Campus begins planning for the next phase of growth

The new Long Range Development Plan will guide UCR’s physical growth for the next 15 years

April 3, 2019
Author: Imran Ghori
April 3, 2019

How does UC Riverside prepare for what it could look like in 2035?

That is the question that campus planners hope to answer as they craft UCR’s next Long Range Development Plan (LRDP).

It's one of two vital documents that will shape the university’s future that are in the process of being updated. UC Riverside will also be creating a new strategic plan that will outline specific goals that will drive future budget priorities and operations.

The Long Range Development Plan document, which the UC Regents require of each campus, does not plan for specific projects or provide a timeline for when they will be built. Instead it forecasts anticipated development, future student enrollment, and campus operations.

Based on these forecasts, the plan then assesses the future land use and development of facilities, roads and parking, open space, and infrastructure needed to support the anticipated growth. A detailed environmental analysis of those assumptions will be conducted as part of the planning process.

“It looks broadly at the campus growth options in order to allow us to take advantage of future opportunities that might come our way,” said Gerry Bomotti, vice chancellor for Planning, Business, and Administration.

The plan gives the campus the flexibility to grow as needed and be ready for opportunities such as capital funds for new building construction if they become available, Bomotti said.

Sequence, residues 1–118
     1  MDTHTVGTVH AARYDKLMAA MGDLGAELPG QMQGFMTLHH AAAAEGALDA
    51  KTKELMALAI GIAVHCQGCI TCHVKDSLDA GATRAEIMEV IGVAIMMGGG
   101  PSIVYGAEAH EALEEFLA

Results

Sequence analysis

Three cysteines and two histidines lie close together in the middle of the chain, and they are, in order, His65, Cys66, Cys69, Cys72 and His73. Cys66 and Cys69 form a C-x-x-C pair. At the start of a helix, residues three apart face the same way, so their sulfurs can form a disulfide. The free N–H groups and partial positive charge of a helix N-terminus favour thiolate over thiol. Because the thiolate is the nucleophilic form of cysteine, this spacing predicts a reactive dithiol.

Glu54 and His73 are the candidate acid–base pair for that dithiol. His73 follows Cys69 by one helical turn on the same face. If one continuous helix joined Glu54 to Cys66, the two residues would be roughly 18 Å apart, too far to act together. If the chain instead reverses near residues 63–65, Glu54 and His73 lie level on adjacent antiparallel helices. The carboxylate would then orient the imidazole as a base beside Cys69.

The Long Range Development Plan helps support the strategic plan priorities by identifying areas for potential growth – such as where to build, what types of facilities and how many students the campus can support.

Since its founding in 1954, the campus has created such plans at key stages of its growth, most recently in 2005. That plan, which was updated six years later, set the stage for preparing the campus for a student enrollment of 25,000, which it is now close to reaching. In fall 2018, student enrollment hit 23,922.

The new plan will look ahead to 2035 when current enrollment models project a student population of up to 35,000, said Uma Ramasubramian, UCR principal physical planner.

UCR Campus Planning has created a website with information on the process in which faculty, staff, and students are invited to take part in an online survey.

Meetings during which the campus can learn about the process and offer input are planned through June. A student focus group was held March 4 while one for graduate students was held this week. Additional opportunities for campus involvement are in the works.

In an example of the type of issues the plan will explore, students at the first focus group were asked to indicate their preferences on questions such as whether on-campus housing is preferred over off-campus, and if they prefer more online classes.

Planners say they are in the information-gathering stage of the plan and will eventually put together a draft report by the end of the summer.

That will be followed by the preparation of an environmental impact report, or EIR, that will assess the proposed plan’s potential environmental impacts in 20 defined topic areas as required by state law.

The environmental report will take approximately 18 months to complete, followed by possible revisions. Changes could be made to the plan before it is presented for adoption to the UC Board of Regents, which is anticipated in Spring 2021.

The team overseeing the plan process includes a steering committee, project management team, executive committee, a planning consultant and seven working groups looking at different facets of the plan.

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